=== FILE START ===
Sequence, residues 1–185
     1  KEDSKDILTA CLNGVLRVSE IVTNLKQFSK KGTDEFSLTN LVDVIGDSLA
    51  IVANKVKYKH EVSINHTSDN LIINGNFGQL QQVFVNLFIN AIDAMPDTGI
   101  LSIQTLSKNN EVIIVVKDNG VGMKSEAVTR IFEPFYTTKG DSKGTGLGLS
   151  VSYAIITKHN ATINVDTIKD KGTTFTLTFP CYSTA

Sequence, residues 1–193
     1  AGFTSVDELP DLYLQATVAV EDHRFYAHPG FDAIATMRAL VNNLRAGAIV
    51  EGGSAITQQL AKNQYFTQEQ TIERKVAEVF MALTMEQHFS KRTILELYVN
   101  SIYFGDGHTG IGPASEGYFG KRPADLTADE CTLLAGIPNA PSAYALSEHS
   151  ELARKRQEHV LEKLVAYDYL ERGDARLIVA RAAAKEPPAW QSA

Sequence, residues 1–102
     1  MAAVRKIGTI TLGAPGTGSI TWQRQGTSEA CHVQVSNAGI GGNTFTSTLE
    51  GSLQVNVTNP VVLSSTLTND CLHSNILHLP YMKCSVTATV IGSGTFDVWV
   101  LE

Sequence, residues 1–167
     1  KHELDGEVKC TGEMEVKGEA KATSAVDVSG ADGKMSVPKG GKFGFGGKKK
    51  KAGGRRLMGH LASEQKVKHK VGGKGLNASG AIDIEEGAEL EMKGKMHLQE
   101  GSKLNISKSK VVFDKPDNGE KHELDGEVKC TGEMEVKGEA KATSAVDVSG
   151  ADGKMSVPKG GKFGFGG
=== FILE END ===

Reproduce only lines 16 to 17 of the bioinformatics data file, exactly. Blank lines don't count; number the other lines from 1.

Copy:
     1  KHELDGEVKC TGEMEVKGEA KATSAVDVSG ADGKMSVPKG GKFGFGGKKK
    51  KAGGRRLMGH LASEQKVKHK VGGKGLNASG AIDIEEGAEL EMKGKMHLQE